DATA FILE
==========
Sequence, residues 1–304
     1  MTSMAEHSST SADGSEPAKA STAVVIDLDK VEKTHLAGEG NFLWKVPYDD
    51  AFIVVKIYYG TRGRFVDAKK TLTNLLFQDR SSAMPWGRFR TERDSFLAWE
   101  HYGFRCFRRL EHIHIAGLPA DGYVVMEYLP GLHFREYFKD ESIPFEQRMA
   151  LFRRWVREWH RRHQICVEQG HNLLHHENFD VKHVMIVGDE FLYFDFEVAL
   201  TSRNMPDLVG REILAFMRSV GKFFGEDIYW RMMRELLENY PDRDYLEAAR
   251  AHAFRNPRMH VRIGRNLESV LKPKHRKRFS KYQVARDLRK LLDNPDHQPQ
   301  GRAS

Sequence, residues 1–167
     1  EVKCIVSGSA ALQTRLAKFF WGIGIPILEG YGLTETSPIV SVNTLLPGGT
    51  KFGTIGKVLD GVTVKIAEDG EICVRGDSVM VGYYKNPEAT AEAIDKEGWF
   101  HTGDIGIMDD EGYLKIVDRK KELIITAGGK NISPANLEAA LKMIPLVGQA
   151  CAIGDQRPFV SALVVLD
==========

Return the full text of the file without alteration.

Sequence, residues 1–304
     1  MTSMAEHSST SADGSEPAKA STAVVIDLDK VEKTHLAGEG NFLWKVPYDD
    51  AFIVVKIYYG TRGRFVDAKK TLTNLLFQDR SSAMPWGRFR TERDSFLAWE
   101  HYGFRCFRRL EHIHIAGLPA DGYVVMEYLP GLHFREYFKD ESIPFEQRMA
   151  LFRRWVREWH RRHQICVEQG HNLLHHENFD VKHVMIVGDE FLYFDFEVAL
   201  TSRNMPDLVG REILAFMRSV GKFFGEDIYW RMMRELLENY PDRDYLEAAR
   251  AHAFRNPRMH VRIGRNLESV LKPKHRKRFS KYQVARDLRK LLDNPDHQPQ
   301  GRAS

Sequence, residues 1–167
     1  EVKCIVSGSA ALQTRLAKFF WGIGIPILEG YGLTETSPIV SVNTLLPGGT
    51  KFGTIGKVLD GVTVKIAEDG EICVRGDSVM VGYYKNPEAT AEAIDKEGWF
   101  HTGDIGIMDD EGYLKIVDRK KELIITAGGK NISPANLEAA LKMIPLVGQA
   151  CAIGDQRPFV SALVVLD